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Electrodes: Definition & Types

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  • 0:01 Definition & Background
  • 1:47 Anodes & Cathodes
  • 2:31 How Does an Electrode Work?
  • 4:37 Lesson Summary
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Lesson Transcript
Instructor: Danielle Reid

Danielle has taught middle school science and has a doctorate degree in Environmental Health

An electrode is a pretty versatile material - you can find one in your non-rechargeable battery or an electrolytic cell. Continue reading to learn about the two types of electrodes - anodes and cathodes - and how they function in electrical devices.

Definition and Background

Before you read this lesson, grab a non-rechargeable battery. If you don't have one, don't panic, you can just follow along using this image.

As you look at the battery, you will notice it has two ends. That is, there is a positive sign on one end and a negative sign on the other end. Did you know these signs are representative of two different types of electrodes, an anode, and cathode? Before we continue dissecting our battery, let's discuss more about this term 'electrode' in more detail.

Illustration of a Non-Rechargeable Battery
battery

Electrode refers to a conductor by which electrical currents can travel. In fact, these little guys are sometimes referred to as electrical conductors. You can find them in a wide variety of electrical devices such as batteries, electrolytic cells, or electron tubes.

You might be wondering what is an electrode made of. Well, what do you suspect is a great conductor of electricity? Metals are great conductors of electricity. In fact, metals are commonly used in the production of electrodes. The type of metals used range from copper to zinc to gold and platinum.

Think of an electrode as a bridge that forges a passageway for electrons to travel on. Electrons are the guys zipping around the nucleus of an atom. Technically, they're subatomic particles with a negative electric charge.

Atoms have protons too, which have a positive charge. Atoms with the same number of protons and electrons are called neutral, because their charges cancel each other out.

However, if the number of electrons are different from the proton count, the atom will either be negative or positive. We can call that atom an ion. There are two different types of ions:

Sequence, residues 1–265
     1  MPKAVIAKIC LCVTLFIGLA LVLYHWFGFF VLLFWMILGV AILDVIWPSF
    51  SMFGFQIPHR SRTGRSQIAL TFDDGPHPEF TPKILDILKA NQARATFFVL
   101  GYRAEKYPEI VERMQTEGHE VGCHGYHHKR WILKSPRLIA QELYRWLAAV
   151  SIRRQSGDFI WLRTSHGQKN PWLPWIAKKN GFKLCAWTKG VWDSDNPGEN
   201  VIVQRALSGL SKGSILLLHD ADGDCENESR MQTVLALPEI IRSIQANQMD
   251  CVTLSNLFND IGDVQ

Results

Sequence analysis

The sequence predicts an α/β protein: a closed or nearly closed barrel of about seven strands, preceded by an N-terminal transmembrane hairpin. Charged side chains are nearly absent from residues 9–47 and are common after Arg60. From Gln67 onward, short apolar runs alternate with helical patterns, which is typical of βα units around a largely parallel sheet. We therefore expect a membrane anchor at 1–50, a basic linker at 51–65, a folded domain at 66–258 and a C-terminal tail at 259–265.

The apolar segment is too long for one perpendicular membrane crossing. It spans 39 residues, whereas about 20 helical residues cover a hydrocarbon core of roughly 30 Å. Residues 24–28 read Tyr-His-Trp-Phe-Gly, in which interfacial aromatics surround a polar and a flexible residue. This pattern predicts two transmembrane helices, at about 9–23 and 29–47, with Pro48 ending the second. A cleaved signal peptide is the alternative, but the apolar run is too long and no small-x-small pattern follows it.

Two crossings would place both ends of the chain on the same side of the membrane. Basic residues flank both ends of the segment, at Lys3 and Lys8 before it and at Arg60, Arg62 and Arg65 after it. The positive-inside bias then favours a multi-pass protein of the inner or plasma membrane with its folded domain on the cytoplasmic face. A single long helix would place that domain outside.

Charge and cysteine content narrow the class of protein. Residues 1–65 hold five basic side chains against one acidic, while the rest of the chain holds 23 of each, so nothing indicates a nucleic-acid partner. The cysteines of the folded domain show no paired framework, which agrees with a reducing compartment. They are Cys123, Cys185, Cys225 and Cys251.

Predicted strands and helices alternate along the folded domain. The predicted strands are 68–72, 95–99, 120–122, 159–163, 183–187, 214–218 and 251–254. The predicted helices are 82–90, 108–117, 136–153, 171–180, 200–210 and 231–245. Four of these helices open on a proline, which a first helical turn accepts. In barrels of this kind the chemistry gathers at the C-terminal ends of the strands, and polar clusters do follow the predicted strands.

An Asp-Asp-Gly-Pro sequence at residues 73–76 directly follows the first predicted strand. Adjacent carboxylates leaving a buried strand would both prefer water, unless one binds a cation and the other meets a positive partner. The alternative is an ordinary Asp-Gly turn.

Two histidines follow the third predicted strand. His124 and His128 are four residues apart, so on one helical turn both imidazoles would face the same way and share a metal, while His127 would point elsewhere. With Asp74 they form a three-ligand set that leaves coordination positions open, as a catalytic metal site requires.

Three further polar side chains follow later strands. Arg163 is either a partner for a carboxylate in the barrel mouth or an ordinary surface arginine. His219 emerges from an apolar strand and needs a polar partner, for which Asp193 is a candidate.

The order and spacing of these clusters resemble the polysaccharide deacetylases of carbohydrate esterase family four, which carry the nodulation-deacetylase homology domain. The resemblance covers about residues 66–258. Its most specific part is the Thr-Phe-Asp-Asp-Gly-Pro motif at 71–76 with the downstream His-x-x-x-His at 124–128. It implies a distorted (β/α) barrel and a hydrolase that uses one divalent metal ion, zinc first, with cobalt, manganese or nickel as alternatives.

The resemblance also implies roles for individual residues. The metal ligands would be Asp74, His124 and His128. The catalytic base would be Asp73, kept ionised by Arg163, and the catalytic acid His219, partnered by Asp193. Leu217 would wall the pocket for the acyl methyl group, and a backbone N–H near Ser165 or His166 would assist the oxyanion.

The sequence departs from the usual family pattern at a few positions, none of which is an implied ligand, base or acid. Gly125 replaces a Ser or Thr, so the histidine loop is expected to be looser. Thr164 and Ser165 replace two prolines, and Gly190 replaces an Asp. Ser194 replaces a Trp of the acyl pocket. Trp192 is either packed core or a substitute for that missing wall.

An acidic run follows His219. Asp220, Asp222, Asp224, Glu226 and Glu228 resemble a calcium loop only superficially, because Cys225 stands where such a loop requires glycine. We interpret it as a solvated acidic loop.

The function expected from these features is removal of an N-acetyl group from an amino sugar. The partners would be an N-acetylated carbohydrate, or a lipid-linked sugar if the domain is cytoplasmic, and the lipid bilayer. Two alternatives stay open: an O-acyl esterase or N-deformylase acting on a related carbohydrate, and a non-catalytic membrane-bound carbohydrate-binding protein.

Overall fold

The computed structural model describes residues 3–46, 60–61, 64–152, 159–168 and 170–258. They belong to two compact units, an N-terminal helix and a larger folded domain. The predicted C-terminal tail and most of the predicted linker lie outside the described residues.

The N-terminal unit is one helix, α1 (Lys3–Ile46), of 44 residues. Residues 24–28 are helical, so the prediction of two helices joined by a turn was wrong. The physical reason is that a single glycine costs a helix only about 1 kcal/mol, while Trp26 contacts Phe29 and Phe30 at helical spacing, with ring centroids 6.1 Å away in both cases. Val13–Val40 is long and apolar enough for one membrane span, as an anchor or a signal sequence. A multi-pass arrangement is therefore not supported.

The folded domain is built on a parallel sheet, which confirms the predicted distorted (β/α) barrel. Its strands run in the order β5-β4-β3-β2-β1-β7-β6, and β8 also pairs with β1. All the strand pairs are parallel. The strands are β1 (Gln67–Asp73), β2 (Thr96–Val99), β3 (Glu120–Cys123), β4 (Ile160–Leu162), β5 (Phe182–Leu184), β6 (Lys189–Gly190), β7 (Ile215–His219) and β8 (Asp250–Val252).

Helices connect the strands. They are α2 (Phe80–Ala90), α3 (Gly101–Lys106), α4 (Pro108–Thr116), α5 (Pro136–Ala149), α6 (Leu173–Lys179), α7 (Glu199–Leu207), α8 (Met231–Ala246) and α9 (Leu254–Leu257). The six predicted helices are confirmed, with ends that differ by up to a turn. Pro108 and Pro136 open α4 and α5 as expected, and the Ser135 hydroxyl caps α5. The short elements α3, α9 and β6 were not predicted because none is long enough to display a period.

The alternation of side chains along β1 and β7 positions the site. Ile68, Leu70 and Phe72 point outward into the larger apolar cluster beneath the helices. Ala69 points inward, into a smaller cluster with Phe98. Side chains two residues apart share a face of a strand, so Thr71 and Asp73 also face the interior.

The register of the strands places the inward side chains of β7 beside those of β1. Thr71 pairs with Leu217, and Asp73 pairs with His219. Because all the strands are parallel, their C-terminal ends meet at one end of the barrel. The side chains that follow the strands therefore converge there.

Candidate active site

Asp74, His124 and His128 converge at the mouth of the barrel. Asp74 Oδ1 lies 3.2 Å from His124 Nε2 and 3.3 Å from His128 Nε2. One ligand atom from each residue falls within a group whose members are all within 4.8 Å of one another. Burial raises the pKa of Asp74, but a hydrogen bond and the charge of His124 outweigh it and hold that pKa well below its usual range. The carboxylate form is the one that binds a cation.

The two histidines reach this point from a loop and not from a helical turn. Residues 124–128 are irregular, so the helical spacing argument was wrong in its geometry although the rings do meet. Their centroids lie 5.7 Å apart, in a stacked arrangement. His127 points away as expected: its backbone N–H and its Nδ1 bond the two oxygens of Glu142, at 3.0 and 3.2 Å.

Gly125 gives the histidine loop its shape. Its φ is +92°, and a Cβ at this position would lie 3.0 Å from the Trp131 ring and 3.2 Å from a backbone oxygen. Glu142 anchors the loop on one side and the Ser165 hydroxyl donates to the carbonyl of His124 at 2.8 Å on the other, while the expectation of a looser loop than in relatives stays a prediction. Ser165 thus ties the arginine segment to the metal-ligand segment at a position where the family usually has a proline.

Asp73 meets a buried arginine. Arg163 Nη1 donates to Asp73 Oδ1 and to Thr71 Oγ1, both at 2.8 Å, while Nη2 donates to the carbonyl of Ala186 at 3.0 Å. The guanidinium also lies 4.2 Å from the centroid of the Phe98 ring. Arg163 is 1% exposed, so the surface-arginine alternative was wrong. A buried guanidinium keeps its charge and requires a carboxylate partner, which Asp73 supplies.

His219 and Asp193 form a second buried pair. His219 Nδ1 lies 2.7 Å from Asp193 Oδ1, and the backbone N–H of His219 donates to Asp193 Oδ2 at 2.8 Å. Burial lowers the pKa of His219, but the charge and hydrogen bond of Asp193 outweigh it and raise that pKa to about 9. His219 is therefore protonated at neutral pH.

1. Cations are positively charged ions.
  2. Anions are negatively charged ions.

Anodes and Cathodes

Similarly, there are two different types of electrodes:

  1. An anode is an electrode that attracts anions.
  2. A cathode is an electrode that attracts cations.

A helpful way to remember the relationship between ions and electrodes is to know that 'cat' in cathode refers to cation. The first letter 'a' in anode refers to anion.

When you connect both electrodes together, you can form an electrical circuit. An electrical circuit is the path by which electrons flow. Thus, if the electrode is our bridge that electrons travel on, the circuit is the road map electrons use to determine where to travel. In electrical devices, electrons will always flow from the anode to the cathode.

How Does an Electrode Work?

In describing how an electrode works, there are two different electrical devices we can use as examples. The first example involves our battery. As shown in this diagram, a battery has two terminal ends, the cathode and anode. Two different processes occurring inside the battery contribute to the flow of electrical current. First, chemical reactions are firing off within the battery. Second, we have electrons zooming around from the anode and cathode to generate electricity for a device.

Function of an Electrode in a Battery
battery

Let's say you'd like to power a flashlight. When you place the battery in its holder, chemical reactions take place. These reactions release a lot of ions at the anode. As the ions dissolve they leave their electrons behind at the anode.

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